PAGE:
“I thought, ‘Wait a minute. Didn’t we fight a war to end slavery?’” McVey recalls. But a conversation with the resolution’s authors convinced him to investigate several known sex trafficking locations in particular, a truck stop that sees some 15,000 people pass through its doors each day.

It was there that McVey saw Karen, whom he remembers as “the first slave I ever met.” Through his own investigation and conversations with both the Department of Justice and FBI, he soon learned that the $150 billion industry enslaves more than one million individuals in the United States alone, according to government estimates, with somewhere between 21 million and 47 million people enslaved worldwide. And some of those were being trafficked right in his parish’s own backyard.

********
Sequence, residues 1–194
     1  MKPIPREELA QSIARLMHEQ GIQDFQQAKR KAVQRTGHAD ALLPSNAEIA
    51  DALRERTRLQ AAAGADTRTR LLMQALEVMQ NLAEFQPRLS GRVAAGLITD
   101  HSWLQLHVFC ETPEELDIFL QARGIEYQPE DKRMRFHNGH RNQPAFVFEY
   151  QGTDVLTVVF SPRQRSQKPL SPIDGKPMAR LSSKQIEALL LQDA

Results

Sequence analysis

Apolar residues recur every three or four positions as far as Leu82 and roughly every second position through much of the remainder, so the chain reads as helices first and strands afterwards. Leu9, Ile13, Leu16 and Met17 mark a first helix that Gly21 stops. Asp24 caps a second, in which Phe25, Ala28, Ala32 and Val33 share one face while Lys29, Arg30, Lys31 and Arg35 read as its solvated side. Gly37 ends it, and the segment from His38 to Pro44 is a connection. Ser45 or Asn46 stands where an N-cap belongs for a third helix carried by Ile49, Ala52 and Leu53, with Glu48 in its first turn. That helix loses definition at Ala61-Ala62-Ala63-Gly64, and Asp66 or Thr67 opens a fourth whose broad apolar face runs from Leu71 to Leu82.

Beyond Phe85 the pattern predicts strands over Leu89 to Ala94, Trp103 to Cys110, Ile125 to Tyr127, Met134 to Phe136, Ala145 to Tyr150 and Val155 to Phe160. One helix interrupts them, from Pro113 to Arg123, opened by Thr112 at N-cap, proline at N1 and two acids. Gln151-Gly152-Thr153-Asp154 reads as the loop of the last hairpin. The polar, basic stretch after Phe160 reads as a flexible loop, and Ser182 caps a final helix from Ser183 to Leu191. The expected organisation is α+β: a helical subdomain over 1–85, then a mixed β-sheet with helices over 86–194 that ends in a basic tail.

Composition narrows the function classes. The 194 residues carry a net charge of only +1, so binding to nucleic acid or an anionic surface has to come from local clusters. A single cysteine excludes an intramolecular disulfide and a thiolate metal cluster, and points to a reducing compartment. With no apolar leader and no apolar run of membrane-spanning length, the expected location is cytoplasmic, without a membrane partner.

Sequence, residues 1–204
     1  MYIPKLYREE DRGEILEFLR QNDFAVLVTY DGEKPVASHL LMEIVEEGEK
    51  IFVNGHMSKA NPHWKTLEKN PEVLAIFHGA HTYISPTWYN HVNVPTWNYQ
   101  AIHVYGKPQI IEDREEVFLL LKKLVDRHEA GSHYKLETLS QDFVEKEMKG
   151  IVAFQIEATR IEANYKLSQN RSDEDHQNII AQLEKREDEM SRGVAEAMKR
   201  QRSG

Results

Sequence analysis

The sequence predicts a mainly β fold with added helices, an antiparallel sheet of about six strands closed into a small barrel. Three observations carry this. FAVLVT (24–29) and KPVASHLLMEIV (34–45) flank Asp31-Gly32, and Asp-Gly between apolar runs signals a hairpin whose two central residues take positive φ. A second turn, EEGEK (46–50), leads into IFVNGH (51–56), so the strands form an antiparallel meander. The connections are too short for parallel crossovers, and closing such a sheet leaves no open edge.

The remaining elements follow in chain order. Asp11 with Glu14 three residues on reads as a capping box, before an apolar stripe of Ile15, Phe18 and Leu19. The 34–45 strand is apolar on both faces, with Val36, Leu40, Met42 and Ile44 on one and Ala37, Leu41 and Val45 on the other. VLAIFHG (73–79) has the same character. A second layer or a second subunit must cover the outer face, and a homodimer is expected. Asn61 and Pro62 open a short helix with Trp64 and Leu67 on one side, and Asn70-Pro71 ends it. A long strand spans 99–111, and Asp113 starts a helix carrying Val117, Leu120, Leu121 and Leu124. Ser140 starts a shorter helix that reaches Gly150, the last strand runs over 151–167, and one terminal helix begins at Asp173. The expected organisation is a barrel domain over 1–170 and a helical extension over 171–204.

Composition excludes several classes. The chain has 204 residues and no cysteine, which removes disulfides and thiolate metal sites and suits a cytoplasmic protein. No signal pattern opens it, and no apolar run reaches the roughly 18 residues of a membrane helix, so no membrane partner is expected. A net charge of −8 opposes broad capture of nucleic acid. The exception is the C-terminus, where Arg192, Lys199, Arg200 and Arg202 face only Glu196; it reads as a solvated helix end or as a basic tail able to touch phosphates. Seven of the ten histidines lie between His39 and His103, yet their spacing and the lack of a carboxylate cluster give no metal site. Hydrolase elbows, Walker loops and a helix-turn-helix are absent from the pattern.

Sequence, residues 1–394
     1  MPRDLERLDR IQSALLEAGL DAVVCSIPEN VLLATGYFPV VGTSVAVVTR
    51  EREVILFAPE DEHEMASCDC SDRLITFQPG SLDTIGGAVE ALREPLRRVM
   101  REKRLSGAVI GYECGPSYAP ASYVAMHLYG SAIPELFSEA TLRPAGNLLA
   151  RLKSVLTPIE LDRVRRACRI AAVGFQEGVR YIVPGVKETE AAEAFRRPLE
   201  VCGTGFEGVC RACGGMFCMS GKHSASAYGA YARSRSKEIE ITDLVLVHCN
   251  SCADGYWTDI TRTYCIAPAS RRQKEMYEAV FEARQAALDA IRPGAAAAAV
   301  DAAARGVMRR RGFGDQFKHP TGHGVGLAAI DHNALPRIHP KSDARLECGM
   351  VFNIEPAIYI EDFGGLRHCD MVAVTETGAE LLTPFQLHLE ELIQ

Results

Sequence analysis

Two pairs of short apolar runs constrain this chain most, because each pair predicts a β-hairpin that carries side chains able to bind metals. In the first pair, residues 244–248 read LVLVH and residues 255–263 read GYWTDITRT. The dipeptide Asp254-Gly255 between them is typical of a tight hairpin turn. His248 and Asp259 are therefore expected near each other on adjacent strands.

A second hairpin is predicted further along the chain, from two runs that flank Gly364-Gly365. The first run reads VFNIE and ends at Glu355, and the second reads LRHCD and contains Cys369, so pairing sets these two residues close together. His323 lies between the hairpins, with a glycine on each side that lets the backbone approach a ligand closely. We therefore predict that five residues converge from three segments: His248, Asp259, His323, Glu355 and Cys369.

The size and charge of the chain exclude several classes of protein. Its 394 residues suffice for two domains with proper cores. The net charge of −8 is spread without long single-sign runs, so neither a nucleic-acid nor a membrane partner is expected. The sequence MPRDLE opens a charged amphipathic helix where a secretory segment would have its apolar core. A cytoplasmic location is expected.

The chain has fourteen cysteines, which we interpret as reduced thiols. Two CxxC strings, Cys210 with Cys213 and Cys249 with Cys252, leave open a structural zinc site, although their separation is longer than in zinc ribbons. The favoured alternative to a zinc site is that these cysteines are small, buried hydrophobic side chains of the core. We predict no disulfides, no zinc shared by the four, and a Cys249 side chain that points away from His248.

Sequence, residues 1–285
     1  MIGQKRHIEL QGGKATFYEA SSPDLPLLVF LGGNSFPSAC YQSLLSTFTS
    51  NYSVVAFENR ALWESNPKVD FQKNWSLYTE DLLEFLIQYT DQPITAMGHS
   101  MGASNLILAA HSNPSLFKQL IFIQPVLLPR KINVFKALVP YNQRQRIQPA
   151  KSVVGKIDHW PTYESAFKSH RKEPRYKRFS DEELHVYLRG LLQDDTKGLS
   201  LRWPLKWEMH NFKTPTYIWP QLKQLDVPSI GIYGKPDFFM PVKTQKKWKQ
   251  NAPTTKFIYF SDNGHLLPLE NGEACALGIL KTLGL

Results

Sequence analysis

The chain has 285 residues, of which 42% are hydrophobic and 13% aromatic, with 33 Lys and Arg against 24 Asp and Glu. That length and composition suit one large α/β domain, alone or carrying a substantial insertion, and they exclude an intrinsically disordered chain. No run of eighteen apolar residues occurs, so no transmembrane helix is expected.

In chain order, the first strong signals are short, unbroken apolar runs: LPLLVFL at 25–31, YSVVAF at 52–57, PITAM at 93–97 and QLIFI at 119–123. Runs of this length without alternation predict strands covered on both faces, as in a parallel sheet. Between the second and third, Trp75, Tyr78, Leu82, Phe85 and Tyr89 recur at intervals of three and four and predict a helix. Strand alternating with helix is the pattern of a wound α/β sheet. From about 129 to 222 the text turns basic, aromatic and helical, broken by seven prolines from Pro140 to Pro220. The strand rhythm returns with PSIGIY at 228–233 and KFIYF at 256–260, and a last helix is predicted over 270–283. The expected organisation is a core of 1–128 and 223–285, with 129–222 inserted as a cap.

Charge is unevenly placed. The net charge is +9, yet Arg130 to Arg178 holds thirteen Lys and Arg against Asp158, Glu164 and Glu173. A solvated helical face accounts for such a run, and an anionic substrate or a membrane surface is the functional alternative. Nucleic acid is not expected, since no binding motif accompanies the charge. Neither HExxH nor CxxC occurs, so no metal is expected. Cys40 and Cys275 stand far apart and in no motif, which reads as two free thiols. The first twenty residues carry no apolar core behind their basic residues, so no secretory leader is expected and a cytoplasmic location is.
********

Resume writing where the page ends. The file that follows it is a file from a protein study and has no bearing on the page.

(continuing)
McVey’s experience that day and in the following months led him to establish what he calls “a ministry of presence.” Wearing his clerical collar and working with female volunteers from his parish to put potential victims at ease, McVey spent hours every week at local truck stops with a display that read: Prayer, Conversation, Communion, and Healing. What they found, he explains, is that exploited women feel “everyone wants something from them, except men in collars and women in habits.”

His parish ministry grew into Attacking Trafficking, an interfaith group committed to ending human trafficking and providing health and healing for survivors. In fact, it was McVey’s close collaboration with the Catholic Bishop of Iowa that first drew the Vatican’s attention to his efforts, ultimately resulting in his invitation to Rome.